Paired gonads connected to pericardium, paired pericardioducts, a partially fused spawning duct and seminal vesicles form the reproductive system (Figures 8B,C, 10G–M). Tubular, hermaphroditic gonads enclosed between midgut and dorsal body wall. Anterior region filled with oocytes (Figures 9G, 10J), spermatozoids present in posterior region. Initially paired gonads fuse medially in posterior region. Connection to pericardium (= gonopericardioducts) could not be detected on histological sections (see Figure 10I, dotted lines). Pericardium as a flat and elongated sac delimited by thin epithelium; contains tubular heart of ~110 μm in length (Figures 10I (asterisk), K). Posterior, pericardium widens and divides into two pericardioducts (Figure 10L). Two vesicles present at transition of pericardium into pericardioducts (Figures 8B,C, 10H,I,K); connection between vesicles and other reproductive structures not detectable, but based on their position herein interpreted as seminal vesicles. Pericardioducts loop ventroanterior, then transition into paired spawning ducts each filled with glandular secretions (Figures 8B,C, 9H,I). Spawning ducts initially paired in first half, then fusing into single duct with high columnar glandular epithelium before opening ventroanterior to hindgut into pallial cavity (Figure 8B).

Taxonomic remarks

Amboherpia abyssokurilensis sp. nov. is placed within Acanthomeniidae Salvini-Plawen, 1978 due to its scleritome consisting of hollow acicular needles and scale-like sclerites as well as the presence of ventrolateral foregut glands of Type Acanthomenia (Handl and Todt, 2005) sensu Type A (according to Salvini-Plawen, 1978a). Based on the presence of a fused vestibular-buccal cavity, radula and dorsoterminal sense organ as well as the absence of respiratory folds in the pallial cavity, the new species is assigned to the genus Amboherpia. A. abyssokurilensis sp. nov. is the third species within the genus and exhibits a combination of characters found in A. heterotecta Handl & Salvini-Plawen, 2002 (collected in 250–610 m in a Norwegian fjord) and A. dolicopharyngeata Gil-Mansilla, García-Álvarez & Urgorri, 2008 (collected in 5,389–5,415 m from the Angola Basin). Scleritome and radula resemble A. dolicopharyngeata, but A. abyssokurilensis sp. nov. differs from this species in lacking a well-developed esophagus and sphincter muscle around the spawning duct, the presence of conspicuous unicellular pharyngeal glands and a midgut with internal folds (typhlosolis) as well as the size of the base of the radula teeth.

At Stations 7–09 and 8–12 two additional specimens of an acanthomeniid lineage were collected. However, based on the available scleritome data of this lineage (Figure 4A) we were unable to reliably discriminate it from A. abyssokurilensis sp. nov. (Figure 3F) and we thus tentatively refer to it as Acanthomeniidae sp. 1? (see below).

Acanthomeniidae sp. 1? (Figure 4A)

Material: two specimens (ZSM Mol20170095, −96).

Distribution: Sts. 7–09, 8–12; 5,115–5,223 m.

Habitus: smooth to slightly rough appearance, ~2 and 2.5 mm in length. Body slender, white coloration.

Scleritome: dominated by four types of acicular elements: hollow, straight with pointed distal end (Figures 4A2,A4) or curved with flattened distal end (Figure 4A5). Additionally with short, solid (?) curved needles and straight needles with ridge (Figure 4A6, white arrowheads). Only one type of scale visible: leaf-shaped, proximal base morphology (e.g., presence of rims) unknown (Figure 4A3).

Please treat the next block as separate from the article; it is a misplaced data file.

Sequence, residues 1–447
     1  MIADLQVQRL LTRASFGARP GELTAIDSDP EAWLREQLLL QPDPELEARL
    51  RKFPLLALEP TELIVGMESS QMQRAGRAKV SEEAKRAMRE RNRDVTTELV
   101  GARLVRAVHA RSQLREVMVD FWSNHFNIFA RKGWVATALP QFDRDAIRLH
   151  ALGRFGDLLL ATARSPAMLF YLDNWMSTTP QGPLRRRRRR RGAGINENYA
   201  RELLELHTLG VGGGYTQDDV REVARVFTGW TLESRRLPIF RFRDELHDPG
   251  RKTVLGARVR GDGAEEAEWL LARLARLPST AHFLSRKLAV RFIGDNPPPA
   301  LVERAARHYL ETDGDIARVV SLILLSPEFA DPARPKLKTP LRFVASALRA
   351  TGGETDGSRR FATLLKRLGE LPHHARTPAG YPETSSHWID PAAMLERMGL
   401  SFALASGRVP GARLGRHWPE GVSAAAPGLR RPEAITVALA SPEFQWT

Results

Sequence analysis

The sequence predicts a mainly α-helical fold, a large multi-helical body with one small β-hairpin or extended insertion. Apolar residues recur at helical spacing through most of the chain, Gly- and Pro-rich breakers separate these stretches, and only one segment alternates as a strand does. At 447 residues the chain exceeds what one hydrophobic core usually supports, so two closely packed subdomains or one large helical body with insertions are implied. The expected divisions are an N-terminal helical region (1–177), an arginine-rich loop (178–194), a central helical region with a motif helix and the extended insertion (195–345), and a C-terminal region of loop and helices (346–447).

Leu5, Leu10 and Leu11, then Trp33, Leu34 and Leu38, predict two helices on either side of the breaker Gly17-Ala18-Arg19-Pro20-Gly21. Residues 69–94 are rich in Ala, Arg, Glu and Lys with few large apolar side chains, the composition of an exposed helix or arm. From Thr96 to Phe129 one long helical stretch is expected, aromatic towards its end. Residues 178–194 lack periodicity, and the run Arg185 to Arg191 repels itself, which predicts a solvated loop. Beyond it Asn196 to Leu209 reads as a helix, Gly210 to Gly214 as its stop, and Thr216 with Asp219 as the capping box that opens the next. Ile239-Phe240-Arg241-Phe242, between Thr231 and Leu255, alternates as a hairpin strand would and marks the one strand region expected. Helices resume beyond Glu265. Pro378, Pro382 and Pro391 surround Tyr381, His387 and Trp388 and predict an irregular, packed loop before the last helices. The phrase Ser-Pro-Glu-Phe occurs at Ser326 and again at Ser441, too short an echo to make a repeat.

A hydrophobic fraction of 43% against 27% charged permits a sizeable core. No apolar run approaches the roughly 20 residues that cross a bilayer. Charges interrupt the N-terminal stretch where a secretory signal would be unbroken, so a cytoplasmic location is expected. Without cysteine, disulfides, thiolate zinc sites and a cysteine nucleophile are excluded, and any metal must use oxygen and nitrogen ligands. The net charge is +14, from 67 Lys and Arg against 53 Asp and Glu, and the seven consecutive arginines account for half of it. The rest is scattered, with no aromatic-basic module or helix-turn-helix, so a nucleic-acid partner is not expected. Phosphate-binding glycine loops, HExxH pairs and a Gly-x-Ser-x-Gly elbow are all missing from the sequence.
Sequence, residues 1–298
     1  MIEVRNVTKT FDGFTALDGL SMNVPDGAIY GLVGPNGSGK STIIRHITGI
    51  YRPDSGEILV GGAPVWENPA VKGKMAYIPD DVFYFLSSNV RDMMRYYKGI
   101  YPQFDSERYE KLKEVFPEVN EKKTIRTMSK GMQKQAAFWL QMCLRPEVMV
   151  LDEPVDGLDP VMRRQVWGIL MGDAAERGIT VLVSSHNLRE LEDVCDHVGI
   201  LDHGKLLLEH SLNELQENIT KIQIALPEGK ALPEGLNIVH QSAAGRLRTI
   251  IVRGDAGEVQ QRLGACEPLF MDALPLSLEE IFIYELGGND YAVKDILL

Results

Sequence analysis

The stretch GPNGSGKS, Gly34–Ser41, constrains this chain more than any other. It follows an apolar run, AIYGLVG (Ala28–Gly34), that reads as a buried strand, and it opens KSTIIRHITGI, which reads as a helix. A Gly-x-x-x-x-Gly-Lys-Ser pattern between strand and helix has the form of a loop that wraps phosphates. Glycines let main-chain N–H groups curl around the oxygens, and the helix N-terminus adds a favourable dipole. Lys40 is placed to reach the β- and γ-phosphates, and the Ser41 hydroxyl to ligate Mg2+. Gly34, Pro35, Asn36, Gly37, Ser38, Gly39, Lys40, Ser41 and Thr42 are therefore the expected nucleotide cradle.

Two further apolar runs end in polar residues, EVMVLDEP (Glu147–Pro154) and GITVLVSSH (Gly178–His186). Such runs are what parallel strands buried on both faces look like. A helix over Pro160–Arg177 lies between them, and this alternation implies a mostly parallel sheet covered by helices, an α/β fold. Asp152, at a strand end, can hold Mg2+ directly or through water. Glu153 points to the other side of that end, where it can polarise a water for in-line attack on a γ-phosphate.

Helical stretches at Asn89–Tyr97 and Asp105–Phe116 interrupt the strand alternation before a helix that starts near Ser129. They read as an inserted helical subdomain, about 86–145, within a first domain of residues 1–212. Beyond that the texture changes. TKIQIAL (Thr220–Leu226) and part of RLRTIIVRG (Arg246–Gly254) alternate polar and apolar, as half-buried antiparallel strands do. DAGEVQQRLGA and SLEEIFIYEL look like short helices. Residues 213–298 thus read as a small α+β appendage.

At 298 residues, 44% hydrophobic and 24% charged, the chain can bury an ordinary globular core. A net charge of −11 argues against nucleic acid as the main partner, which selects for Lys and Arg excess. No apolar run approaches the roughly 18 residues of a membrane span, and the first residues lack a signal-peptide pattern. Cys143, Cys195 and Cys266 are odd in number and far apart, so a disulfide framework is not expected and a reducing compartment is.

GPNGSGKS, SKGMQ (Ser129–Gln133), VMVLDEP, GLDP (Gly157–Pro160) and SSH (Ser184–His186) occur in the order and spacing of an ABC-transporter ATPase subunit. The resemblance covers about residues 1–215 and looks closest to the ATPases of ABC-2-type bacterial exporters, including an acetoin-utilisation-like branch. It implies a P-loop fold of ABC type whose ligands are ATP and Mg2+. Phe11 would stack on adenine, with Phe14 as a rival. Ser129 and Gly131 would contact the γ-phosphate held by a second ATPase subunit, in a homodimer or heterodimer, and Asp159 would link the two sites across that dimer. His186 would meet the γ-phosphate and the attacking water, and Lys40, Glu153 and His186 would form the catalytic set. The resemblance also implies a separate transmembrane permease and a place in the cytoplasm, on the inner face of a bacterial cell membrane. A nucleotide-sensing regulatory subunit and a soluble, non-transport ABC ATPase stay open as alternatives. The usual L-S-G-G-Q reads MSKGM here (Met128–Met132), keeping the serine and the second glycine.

Foot scales not visible.

Radula: unknown. No molecular data available.

Acanthomeniidae sp. 2 (Figure 4B):

Material: single specimen (ZSM Mol20170094).

Distribution: St. 8–12, 5,115–5,124 m.

Habitus: smooth appearance, 6.5 mm in size; body slender, yellow coloration (Figure 4B).

Scleritome: dominated by two types of hollow, acicular elements: curved with pointed distal end (Figure 4B3) and straight (Figure 4B4). Five types of scales: slightly concave, with pointed distal end (Figure 4B1), excavated scales with drawn-out, sharp distal end (75 μm) [Figure 4B5 (1)], scales with small stalk and rim at proximal base of (25–35 μm) [Figure 4B5 (2)], pointed rod-shaped scales with strongly thickened lateral ridges and flat back (25 μm) [Figures 4B2, B5 (3)], excavated blade-shaped scales [Figure 4B5 (4)]. Foot scales blade-shaped with bulge (60 μm length) [Figure 4B (5)].

Taxonomic remarks: this lineages is similar to the other acanthomeniids in its habitus (compare Figures 4A,B) as well as in some distinct scleritome characters, such as the presence of hollow, straight needles (Figures 4A2,B3) and scales with a small stalk and rimmed proximal base [compare Figure 4B5 (1, 2) with Figure 2D (14–16, 19) in Scheltema (1999) and Figure 2 in Handl and Salvini-Plawen (2002)]. Radula: unknown. No molecular data available.

STERROFUSTIA Salvini-Plawen, 1978

Order characterized by the presence of only solid acicular sclerites, which can be combined with various types of solid scales.

Sterrofustia sp. 1 (Figure 4C):

Material: single specimen (ZSM Mol20170108).

Distribution: St. 11–12, 5,348–5,350 m.

Habitus: furry appearance due to perpendicularly projecting sclerites, 2.7 mm long; white coloration (Figure 4C). Scleritome: dominated by solid acicular elements of varying length (150–250 μm) distributed evenly across the body [Figures 4C1,C4 (1)]; cross-section like a three-point star (Figure 4C2, white arrowhead), second type of solid elements as interspersed straight needles [Figure 4C4 (3). Keeled scales up to 150 μm in length (Figure 4C4 (2)]. Foot scales blade-shaped (75 μm length) [Figure 4C4 (4)].